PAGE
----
Dunstaffnage Castle

Dunstaffnage Castle sits on a rocky promontory where Loch Etive meets the Firth of Lorn in Argyll, not too far from Oban.  The name Dunstaffnage comes from the Gaelic  dun or 'fort' and two Norse words, stafr 'staff' and nes 'promontory'. Staff may refer to an office-bearer or official. This castle guarded the approach from the sea to the Pass of Brander which leads to the heart of Scotland. 

Dunstaffnage Castle
 Dunstaffnage was built around the year 1220, probably by Duncan MacDougall, grandson of the famous and powerful Somerled. At this time, Argyll was the dividing line between the kingdom of Scotland and Norway. Neither king controlled the area, and by 1150 it was ruled by Somerled, a half-Norse, half-Gaelic warlord. He seized the Kingdom of the Isles from his brother-in-law and ruled until his death. When Somerled died, his kingdom passed to his three sons. Dougall (spelled Dubhgall in Gaelic), the oldest, became Lord of Lorn. Duncan was his son.

Those who visited the castle found good anchorage in Dunstaffnage Bay. It still serves this purpose and you will usually see yachts anchored in the bay.

Dunstaffnage Bay viewed from the Castle's wall walk

Dunstaffnage is one of the oldest stone castles in Scotland and it served as residence for lords for over five hundred years. It was only abandoned in 1810.

The curtain wall and three projecting towers survive from the 13th century as does the nearby chapel. As you approach the castle, you will see a strong, forbidding fortification. It's easy to see how it would have intimidated those who might have wanted to attack. 

The castle has a long and violent history. It served as a key locale during the 14th century Wars of Independence. Later it served as a stronghold of the Campbells, earls of Argyll. The Campbells earned the king's favor, and therefore power, by policing the region, especially the Western Isles, against uprisings of clans such as the MacDonalds.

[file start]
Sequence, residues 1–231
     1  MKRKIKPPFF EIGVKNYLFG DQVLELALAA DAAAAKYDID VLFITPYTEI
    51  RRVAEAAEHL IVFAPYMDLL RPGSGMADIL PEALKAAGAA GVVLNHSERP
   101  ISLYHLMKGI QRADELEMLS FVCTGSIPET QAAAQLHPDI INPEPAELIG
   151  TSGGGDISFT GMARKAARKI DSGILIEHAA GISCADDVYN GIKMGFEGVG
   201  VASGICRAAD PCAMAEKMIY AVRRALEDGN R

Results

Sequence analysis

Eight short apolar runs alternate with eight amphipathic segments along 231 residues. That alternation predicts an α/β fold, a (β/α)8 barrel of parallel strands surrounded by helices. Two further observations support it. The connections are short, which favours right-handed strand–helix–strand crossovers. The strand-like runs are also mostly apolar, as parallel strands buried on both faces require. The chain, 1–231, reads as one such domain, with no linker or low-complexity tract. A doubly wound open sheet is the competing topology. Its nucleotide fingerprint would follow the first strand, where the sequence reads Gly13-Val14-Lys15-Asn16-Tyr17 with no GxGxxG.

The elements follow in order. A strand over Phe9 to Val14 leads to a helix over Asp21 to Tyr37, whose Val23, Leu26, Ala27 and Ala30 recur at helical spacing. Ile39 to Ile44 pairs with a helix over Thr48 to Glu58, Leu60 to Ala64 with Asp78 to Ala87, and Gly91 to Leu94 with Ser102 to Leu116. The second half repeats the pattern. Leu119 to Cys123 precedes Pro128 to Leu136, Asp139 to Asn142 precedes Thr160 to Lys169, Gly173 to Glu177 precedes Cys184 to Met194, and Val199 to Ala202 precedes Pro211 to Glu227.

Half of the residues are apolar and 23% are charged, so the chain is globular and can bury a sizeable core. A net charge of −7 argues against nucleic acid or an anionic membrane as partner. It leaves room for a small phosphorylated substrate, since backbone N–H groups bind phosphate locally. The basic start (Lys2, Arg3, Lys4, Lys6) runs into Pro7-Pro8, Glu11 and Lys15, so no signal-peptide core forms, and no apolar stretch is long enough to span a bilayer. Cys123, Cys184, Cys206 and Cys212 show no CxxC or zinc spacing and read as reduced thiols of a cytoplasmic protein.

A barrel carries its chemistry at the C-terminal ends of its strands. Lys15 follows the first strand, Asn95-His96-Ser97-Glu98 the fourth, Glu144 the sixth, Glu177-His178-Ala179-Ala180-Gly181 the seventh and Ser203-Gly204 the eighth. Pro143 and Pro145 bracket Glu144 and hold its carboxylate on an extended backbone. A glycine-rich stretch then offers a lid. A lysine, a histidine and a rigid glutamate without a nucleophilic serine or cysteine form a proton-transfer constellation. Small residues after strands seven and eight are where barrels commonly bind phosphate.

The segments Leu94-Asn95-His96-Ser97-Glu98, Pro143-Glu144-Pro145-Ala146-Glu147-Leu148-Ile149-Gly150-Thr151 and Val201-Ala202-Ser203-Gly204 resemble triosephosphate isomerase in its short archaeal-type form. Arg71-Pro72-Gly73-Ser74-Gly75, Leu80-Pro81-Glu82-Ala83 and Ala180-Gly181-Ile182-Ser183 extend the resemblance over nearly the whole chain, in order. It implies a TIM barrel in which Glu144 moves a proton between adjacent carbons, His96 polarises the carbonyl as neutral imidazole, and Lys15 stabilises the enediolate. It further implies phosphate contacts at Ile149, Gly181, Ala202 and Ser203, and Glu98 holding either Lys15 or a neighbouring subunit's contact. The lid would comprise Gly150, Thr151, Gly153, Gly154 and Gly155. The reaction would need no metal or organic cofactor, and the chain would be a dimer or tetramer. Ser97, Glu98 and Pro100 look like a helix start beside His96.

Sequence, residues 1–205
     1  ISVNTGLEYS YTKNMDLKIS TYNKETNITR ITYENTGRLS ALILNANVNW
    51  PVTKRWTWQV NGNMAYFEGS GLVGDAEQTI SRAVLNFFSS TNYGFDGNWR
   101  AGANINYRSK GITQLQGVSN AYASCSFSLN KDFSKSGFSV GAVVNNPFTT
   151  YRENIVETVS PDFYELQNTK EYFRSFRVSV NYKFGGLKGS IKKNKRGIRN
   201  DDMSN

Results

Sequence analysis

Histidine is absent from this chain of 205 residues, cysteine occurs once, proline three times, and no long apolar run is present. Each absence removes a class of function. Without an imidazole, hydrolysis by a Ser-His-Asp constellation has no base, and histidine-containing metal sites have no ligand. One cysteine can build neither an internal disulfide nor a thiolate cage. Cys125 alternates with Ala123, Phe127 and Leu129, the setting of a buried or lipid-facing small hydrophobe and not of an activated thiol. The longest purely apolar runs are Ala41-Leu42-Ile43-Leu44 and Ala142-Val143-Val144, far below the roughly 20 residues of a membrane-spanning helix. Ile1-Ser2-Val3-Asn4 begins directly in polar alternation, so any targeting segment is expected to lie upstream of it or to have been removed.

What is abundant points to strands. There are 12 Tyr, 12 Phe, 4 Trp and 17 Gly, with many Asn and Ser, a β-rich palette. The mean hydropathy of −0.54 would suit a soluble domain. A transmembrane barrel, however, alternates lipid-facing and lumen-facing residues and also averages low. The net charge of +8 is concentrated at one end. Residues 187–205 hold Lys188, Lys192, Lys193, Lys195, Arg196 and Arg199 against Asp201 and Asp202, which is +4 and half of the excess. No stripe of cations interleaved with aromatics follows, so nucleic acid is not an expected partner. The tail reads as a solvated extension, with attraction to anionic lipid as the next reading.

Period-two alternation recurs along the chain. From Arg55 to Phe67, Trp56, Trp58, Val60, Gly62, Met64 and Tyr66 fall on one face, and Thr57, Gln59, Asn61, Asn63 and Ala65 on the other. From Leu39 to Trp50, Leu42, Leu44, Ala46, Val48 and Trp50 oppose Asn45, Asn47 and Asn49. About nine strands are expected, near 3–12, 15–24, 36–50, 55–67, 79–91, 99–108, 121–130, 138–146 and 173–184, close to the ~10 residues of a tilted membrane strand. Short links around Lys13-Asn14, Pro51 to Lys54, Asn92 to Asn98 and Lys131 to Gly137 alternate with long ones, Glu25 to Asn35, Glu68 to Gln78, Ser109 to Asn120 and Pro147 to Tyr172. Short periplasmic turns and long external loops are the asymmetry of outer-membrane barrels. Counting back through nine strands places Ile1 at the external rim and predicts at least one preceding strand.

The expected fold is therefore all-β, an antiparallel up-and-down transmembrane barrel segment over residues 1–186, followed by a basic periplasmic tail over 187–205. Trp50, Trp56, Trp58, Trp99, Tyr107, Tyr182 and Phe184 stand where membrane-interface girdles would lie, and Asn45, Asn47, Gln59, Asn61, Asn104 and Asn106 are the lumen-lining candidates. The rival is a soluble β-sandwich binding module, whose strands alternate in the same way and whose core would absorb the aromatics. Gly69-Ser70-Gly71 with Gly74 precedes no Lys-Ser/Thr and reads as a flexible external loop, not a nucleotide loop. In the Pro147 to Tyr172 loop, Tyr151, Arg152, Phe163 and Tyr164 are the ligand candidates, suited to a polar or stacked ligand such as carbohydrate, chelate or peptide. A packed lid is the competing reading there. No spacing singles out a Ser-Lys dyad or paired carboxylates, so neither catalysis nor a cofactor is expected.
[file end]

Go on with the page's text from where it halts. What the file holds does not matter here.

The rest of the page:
Although trees surround the castle now, back when it was a fortified castle, it offered its residents expansive views over the Firth of Lorn and Loch Etive.

The castle sits on high rocky promontory, and the walls rise more than 6 more meters. The original tops of the walls are gone, so it's unknown if they were battlemented or covered in a timber structure. Excavations show that the castle was originally surrounded by an eight meter wide ditch. The only openings in the landward side of the curtain were narrow arrow slits. After 1500 these were blocked up and even smaller gun loops inserted.

The original castle had no projecting corner towers, just the massive 11 feet thick walls. The stonework would not have been visible. The walls would've been harled (coated with white lime render.) Harling provides a long-lasting weatherproof shield and was often used on Scottish castles and other buildings. Traces of the harling still survive at Dunstaffnage.

Duncan's son Ewen probably built the three round towers onto the castle, and constructed or enlarged the hall inside.

Dunstaffnage Castle Gatehouse being repaired

The building above the entrance, which looks like a house, is the gatehouse. It was rebuilt in the late 1500s. When we were visiting, repairs were being made on it. The Captain of Dunstaffnage resided in the gatehouse. The man who filled this role in the 1500s probably had this gatehouse built to replace the poor accommodation of the old donjon. The gatehouse is three floors with one room on each floor. We were not allowed inside nor near it with the repairs to the roof, etc.